Rally in Scranton to Keep Families Together


Rally in Scranton to Keep Families Together

They carried signs with slogans like "We are all immigrants" as they chanted "Love, not hate, makes America great".

Attendees came to support three main objectives: reuniting families separated at the border, ending family detention and stopping the Trump administration's "zero humanity" immigration policy, as protesters called it.

Some are immigrants themselves or were raised in immigrant households. "I am here as a human being with a beating heart, who can feel pain, who understands compassion and who can easily imagine what it must feel like to struggle the way families are struggling right now". The actress gave an emotional speech at a Families Belong Together rally.

The Rev. Elizabeth Grasham, 34, attended a rally in Houston, where she serves as pastor of Heights Christian Church. "We need to provide for these children", she said.

Jimenez said her organization is asking "Congress to stop Trump's deportation force and ensuring that as the administration asks for more money to target community with ICE and border patrol agents, we say no and abolish and defund them". "It's deeply anti-Christian and absolutely anti-Christ".

Elaine Alvarez, 37, said she joined family members at a rally at Foley Square in NY to break stereotypes about immigrants being criminals.

Trump has made fighting immigration - both illegal and legal - one of the most sacred mantras of his fiercely US-centered policy agenda.

Casey, whose re-election campaign has accused Barletta for flip-flopping on the issue, said in a statement, "The policy of separating children from their families and housing them in cages is straight from the pit of hell".

Akossiwa Lawrence, 36, and daughter Delilah, 2, attended a rally in Washington to show solidarity with other immigrants.

DW's Michael Knigge met with Krzystof Sadlej from New York City, who had emigrated with his family from Poland when he was a boy and come to the USA under the diversity visa program that Trump wants to abolish. "It's heartbreaking", she said. "So I'm very concerned about this".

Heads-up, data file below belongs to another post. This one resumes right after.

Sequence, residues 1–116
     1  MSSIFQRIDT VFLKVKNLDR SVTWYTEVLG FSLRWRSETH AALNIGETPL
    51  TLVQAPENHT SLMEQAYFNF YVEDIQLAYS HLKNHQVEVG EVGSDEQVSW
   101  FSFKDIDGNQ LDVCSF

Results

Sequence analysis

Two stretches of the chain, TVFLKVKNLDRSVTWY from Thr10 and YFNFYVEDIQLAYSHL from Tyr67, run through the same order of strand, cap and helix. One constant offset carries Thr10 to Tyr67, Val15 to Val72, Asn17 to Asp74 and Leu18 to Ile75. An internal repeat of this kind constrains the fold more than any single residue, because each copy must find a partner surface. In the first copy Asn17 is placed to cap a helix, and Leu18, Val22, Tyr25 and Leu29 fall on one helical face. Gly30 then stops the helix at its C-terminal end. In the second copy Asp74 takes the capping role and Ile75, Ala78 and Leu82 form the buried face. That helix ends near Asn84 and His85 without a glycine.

Madison Ramsey, 23, of Harrisburg, came with her friend Rachel Parthemer, 22, who traveled from Williamsport to participate in the rally.

"Seeking safety is not a crime", another said. It represents nannies, housekeepers and caregivers, many of whom are immigrants. "My mom and I are protesting because we know firsthand the difficulties families face when escaping hostile environments - usually ones the U.S. played a role in creating".

Widespread backlash over children being taken from their parents led President Donald Trump to reverse course last week, but immigrant advocates continue to call the government's hard-line policies toward migrants and asylum seekers harmful and "racist". She works at the Alaska Resilience Initiative, which does work addressing childhood trauma. "There are no words".

"It's thinly-veiled racism", Dorothy Carney, a 59-year-old middle school French and Latin teacher, told AFP at the Washington rally.

Hoplamazian, 39, said the Bible teaches that it is important "to stand up for those treated unjustly" and that Sessions committed "theological malpractice" when he used a snippet of verse to justify separating families.

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